Emitters 48, 50, and 52 emit infra-red positioning signals used by a locator system 54 to locate a coordinate and trajectory of the wand. Infra-red signals are received from each of the emitters at the two receivers. The three infra-red signals received by each receiver are used to calculate the axis 46 and the location of the tip. The plane or slice selector 24 (FIG. 1B) selects patient image planes based on the coordinate and trajectory located. It is to be appreciated that more than three emitters may be mounted on the wand to provide additional positioning signals to be used by a locator system to locate the coordinate and trajectory of the wand.
The wand 40 is readily sterilized by conventional techniques. It is used in conjunction with a guide 60 to designate a coordinate and trajectory at which a surgical tool will be applied to the patient. The guide can be any guide or appliance which positions the wand 40 to establish a surgical trajectory. In the preferred embodiment, the guide 60 is a portable tool which has a hand-shaped handle 62 which extends from the drill guide, a tube member 64 which defines an internal bore 66 to receive and accurately position the wand, and teeth 68 at the distal end 70 of the bore to reduce the possibility of the guide slipping on bone. The bore 66 of the tool guide has a diameter which allows for the non-simultaneous insertion of either the wand 40 or a surgical tool such as a drill, biopsy needle, and the like. Rather than being hand-held, the guide 60 can be mounted to other structures in the operating room, e.g. framed stereotaxic equipment or a mechanical brace. In intraoperative use, the wand 40 is inserted in the tool guide bore until the tip 44 aligns with the tool guide distal end 70. A wand stop 72 is positioned on the wand and abuts a proximal end surface 74 of the tool guide when the wand tip aligns with the distal end 70.
With the wand tip aligned with the tool guide end, the surgeon commences probing the patient to seek an optimal coordinate and trajectory in which to insert the appropriate surgical tool. To this end, the surgeon maneuvers the wand and tool guide in combination to a proposed trajectory and actuates the emitters. Signals from the emitters are used to calculate the trajectory 46 and the end point 44 of the wand. The trajectory and end point are displayed on the monitor 30 superimposed on the three-dimensional image or selected image plane(s).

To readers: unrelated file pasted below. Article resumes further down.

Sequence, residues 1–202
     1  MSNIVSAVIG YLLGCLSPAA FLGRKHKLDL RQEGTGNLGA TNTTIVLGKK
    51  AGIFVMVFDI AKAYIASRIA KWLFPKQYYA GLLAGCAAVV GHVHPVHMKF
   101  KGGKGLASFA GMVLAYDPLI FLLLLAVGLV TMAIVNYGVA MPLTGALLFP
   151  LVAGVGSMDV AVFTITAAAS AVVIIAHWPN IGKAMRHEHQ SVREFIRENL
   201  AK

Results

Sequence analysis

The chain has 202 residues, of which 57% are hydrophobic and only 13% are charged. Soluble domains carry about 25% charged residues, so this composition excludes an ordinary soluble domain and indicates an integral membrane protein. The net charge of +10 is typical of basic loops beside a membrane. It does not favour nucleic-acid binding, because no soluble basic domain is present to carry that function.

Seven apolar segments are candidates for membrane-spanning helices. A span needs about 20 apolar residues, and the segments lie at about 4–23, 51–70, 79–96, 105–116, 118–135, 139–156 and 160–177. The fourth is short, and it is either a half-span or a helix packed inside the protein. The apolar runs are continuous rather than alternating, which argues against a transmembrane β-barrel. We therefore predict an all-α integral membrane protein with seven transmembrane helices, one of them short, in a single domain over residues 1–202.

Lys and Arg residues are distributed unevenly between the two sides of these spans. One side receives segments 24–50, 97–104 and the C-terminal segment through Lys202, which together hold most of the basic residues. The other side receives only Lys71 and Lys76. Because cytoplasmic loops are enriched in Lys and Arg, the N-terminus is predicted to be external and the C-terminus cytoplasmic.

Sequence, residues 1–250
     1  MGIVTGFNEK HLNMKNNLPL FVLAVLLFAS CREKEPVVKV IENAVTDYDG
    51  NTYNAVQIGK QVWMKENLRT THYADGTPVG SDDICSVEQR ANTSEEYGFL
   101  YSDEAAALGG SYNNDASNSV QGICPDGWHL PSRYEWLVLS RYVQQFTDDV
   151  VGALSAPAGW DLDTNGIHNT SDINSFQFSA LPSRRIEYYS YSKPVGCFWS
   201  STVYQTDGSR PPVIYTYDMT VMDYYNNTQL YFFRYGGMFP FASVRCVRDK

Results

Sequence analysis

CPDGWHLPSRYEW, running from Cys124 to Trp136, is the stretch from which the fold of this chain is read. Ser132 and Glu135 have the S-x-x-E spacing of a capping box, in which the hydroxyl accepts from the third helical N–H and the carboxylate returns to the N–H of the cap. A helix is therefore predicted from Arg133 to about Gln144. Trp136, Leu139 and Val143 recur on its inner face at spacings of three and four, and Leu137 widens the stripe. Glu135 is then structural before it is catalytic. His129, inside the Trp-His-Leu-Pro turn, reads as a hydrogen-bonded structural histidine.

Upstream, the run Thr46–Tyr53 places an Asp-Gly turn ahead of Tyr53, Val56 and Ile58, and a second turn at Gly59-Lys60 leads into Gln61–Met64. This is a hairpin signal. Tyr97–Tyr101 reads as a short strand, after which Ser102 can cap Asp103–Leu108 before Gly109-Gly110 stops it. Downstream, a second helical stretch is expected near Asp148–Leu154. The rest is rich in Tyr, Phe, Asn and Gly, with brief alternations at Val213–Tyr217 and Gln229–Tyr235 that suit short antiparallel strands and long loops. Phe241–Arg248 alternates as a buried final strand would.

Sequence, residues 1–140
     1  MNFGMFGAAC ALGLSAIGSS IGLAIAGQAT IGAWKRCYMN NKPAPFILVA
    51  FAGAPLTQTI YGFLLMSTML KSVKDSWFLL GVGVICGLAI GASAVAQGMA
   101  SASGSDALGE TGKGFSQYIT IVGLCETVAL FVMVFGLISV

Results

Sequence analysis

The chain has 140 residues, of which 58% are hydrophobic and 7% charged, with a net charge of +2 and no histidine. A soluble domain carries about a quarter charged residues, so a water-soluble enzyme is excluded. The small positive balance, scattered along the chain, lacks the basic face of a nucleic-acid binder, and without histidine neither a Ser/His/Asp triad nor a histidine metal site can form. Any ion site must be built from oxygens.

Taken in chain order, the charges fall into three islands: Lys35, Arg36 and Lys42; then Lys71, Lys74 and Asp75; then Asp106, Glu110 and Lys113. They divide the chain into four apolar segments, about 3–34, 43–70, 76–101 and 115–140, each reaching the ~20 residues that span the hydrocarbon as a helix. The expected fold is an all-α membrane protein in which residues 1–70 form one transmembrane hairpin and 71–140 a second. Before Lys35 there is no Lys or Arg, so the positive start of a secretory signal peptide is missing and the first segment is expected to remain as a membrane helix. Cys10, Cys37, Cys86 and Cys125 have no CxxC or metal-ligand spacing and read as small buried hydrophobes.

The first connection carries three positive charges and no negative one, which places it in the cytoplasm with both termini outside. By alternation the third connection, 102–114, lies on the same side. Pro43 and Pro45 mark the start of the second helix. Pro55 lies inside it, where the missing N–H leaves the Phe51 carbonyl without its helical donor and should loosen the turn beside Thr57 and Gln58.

By viewing the display 30, the surgeon identifies the location of the wand tip with respect to anatomic structure, and the trajectory of the bore. If the trajectory is unsatisfactory, the wand is repositioned and its new trajectory determined and evaluated. This approach improves surgical planning when compared with prior approaches in which surgeons relied solely on their own estimation of the patient's anatomy. Following the identification of a satisfactory trajectory and coordinate, the wand 40 is removed from the bore 66 of the guide 60 while the guide is held in position. Holding the guide 60 steady preserves the appropriate trajectory and position coordinates in the axial and sagittal planes determined by the wand. Thereafter, the appropriate surgical tool or appliance is inserted within the guide 60. With this approach, the surgical tool is properly positioned in the appropriate trajectory for performing the surgical procedure.
The wand and tool guide are particularly useful in accurately identifying the optimal entry point, trajectory, the depth of insertion of screws to be placed into the patient's spinal column, the depth of insertion of a biopsy needle, and the like.
With reference to FIGS. 2B, 2C, and 2D alternative embodiments of the present invention are shown in which the guide is integrated into the wand. In general, each of the alternative embodiments contain a wand offset portion on which are mounted at least three emitters for emitting positioning signals. In the illustrated embodiments, the central axis or pointing direction 46 aligns with a longitudinal axis of the guide means formed integrally with the wand for simplicity of use.
With reference to FIG. 2B, a tubular portion 76 is integrated with the wand. The tubular portion defines a bore 78 extending along its longitudinal axis. In intraoperative use, the surgeon probes the patient with the distal end seeking to locate the proper coordinate and trajectory for the surgical tool. Once the coordinate and trajectory are located, the surgeon holds the offset portion while the surgical tool is inserted within the tube. Thereafter, the surgical tool is operated to perform the surgical procedure.